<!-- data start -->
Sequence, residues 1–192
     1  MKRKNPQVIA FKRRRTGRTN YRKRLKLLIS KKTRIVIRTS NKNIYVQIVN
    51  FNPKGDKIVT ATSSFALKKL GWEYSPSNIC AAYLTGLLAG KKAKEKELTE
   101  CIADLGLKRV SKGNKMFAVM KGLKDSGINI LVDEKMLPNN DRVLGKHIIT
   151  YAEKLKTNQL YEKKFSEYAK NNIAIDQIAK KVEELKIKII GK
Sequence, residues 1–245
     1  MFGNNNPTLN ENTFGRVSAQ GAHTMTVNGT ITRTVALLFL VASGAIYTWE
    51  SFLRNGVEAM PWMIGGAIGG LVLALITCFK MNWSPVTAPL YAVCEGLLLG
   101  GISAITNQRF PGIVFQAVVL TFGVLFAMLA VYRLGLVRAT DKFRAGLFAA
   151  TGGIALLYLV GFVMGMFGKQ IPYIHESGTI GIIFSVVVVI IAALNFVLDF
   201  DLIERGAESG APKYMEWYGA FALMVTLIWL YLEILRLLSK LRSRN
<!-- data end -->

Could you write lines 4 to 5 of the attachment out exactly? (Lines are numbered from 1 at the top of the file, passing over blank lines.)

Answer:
   101  CIADLGLKRV SKGNKMFAVM KGLKDSGINI LVDEKMLPNN DRVLGKHIIT
   151  YAEKLKTNQL YEKKFSEYAK NNIAIDQIAK KVEELKIKII GK